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rjbs (4671)

rjbs
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http://rjbs.manxome.org/
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I'm a Perl coder living in Bethlehem, PA and working Philadelphia. I'm a philosopher and theologan by training, but I was shocked to learn upon my graduation that these skills don't have many associated careers. Now I write code.

Journal of rjbs (4671)

Monday December 18, 2006
12:20 PM

more enterprise plots

[ #31953 ]

In the last few episodes I've seen travel into the past to stop an alien plot (see also DS9 in the 60's and TNG in 1849). There was an alternate future that undid itself by the end of the episode (see also innumerable episodes of TNG), and a few others. Now we're back to social commentary: a group of religious zealots intent on eliminating the heretics on their homeworld ("they think the world took one day longer to create than we do") sieze control of Enterprise by setting up a group of suicide bombers around the ship. Meanwhile, Phlox and Archer learn of dissent in the ranks when one of the women in the group wants to have a space abortion.

I'm always amused by the Trek representation of religion. All alien religion is either insane and dangerous or hilarious, with the exception of Bajoran religion as practised by Kira or that hot priest, but not by anybody else. Sisko's involvement is OK, since he maintains that the Prophets are The Wormhole Aliens. (Idea for a novelty album: Gul Dukat and the Wormhole Aliens.) Also tolerable is Vulcan religion, since it's just like Zen (as depicted in pop culture). Meanwhile, there is no human religion, as far as we can tell. When humans talk about how they finally overcame war, poverty, and prejudice, they never include religion in that list. Then again, we never hear about anyone having any sort of belief in anything.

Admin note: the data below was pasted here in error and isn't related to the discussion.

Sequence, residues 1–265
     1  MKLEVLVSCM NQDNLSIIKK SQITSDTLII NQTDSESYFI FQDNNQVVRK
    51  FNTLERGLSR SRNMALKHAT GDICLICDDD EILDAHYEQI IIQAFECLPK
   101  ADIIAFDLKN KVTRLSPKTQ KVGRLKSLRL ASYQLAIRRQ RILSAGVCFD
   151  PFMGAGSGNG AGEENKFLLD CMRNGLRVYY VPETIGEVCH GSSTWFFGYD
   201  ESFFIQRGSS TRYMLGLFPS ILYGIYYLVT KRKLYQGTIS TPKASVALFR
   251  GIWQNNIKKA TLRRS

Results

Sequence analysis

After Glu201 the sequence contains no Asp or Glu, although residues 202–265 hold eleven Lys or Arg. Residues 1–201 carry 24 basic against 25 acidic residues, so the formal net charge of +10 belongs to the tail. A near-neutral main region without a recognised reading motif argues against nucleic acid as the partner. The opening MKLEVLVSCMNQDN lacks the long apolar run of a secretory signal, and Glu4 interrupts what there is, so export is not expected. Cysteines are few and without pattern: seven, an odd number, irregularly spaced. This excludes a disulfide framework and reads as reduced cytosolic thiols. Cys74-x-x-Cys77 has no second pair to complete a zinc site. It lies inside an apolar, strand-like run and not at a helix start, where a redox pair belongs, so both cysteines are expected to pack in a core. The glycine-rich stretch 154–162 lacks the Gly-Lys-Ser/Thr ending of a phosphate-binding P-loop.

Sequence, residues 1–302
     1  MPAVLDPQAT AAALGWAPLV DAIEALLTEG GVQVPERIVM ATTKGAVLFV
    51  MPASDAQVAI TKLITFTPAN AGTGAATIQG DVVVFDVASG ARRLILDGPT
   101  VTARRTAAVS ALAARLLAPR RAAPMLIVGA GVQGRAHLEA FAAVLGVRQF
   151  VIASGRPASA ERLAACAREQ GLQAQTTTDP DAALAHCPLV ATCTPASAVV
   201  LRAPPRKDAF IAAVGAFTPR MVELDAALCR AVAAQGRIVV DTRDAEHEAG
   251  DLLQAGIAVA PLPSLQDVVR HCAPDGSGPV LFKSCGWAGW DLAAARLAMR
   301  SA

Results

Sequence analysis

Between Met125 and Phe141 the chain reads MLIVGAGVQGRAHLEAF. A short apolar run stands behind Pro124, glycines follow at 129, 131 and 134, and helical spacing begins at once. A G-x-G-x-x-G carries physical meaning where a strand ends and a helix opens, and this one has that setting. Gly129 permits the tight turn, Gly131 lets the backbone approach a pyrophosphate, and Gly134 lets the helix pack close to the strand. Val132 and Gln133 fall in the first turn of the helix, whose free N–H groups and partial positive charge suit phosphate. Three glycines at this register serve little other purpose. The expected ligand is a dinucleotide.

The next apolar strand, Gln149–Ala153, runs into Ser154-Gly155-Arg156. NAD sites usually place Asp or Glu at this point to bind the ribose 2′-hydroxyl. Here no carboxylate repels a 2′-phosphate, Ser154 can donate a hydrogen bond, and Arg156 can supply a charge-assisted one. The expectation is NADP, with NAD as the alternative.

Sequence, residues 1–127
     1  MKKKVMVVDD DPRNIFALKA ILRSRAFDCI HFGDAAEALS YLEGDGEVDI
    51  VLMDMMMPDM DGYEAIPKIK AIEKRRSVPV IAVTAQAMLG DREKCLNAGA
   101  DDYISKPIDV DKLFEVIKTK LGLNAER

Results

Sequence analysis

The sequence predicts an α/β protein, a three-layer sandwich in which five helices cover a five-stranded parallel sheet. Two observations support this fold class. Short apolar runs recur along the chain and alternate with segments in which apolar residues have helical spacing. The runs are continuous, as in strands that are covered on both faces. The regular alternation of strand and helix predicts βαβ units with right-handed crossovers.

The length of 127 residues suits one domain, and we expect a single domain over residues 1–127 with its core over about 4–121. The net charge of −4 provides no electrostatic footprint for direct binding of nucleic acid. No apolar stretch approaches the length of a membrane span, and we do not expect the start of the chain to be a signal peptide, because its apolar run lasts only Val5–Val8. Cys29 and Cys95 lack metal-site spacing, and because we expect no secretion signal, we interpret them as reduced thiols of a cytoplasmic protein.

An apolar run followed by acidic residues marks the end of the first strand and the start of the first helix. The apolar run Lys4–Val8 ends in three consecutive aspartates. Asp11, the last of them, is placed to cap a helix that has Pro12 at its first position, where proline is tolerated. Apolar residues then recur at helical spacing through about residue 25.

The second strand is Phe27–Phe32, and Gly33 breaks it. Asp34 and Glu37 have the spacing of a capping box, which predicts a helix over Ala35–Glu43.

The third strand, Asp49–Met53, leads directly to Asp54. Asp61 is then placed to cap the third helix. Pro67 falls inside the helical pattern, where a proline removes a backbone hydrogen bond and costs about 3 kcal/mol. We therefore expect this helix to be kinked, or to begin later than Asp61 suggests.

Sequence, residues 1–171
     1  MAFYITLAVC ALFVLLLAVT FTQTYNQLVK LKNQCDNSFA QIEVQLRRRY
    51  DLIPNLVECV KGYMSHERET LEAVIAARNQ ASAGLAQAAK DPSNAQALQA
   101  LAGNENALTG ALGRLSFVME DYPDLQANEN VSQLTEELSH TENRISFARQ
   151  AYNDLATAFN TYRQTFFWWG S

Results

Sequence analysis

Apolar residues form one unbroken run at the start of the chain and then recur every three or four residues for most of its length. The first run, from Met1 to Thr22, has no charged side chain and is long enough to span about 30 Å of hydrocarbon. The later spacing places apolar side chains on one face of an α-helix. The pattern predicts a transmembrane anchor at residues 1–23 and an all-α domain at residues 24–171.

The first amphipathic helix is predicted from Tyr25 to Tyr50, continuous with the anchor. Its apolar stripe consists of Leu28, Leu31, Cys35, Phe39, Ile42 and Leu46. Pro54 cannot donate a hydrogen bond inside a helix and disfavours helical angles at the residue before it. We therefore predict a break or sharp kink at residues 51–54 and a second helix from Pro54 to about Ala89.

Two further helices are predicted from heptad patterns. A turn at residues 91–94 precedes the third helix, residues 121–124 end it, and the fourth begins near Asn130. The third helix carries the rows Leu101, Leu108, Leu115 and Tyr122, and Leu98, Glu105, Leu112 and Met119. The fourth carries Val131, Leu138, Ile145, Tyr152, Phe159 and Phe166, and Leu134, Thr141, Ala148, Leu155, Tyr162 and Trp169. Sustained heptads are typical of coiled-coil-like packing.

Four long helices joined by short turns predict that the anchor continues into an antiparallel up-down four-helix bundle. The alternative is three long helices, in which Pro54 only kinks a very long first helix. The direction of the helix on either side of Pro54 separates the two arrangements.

I'd love to see an episode in which a character casually mentions the dissolution of the Apostolic See in late 2082. Even better would be a crewman consulting the computer-run holographic Chaplain. Maybe they could get Dean Stockwell to guest star.

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  • Of course there's human religion in Star Trek! Chakotay had that supposedly-mayan-pseudo-native-american belief system with the spirit guides and whatnot.

    Only European-decended humans have no religion in Star Trek. :)
    • I stand corrected.
      --
      rjbs
    • An interesting contextual note: one of the main writers for DS9 was Ronald Moore [wikipedia.org] (who apparently has taken to looking hip with his long haior since I last saw him interviewed), who is the executive producer of Battlestar Galactica, which also features a sympathetic portrayal of religion.

      Of course, DS9 had religion prominently featured before he got there, and BSG had religion prominently featured in its first incarnation decades ago, so it's not like it's all him. Here's an interesting quote [liberalvaluesblog.com] from him about
      • Oh, and while I respect what he did with religion, I do not at all respect what he did wrt the Iraq War in BSG. It was ham-handed nonsense. Basically, if you've not seen it: the humans were the Iraqis who did things like suicide bombs at a police graduation ceremony, and other terrorist attacks, and the Cylon overlords were the evil American oppressors, and it was just really terribly lame.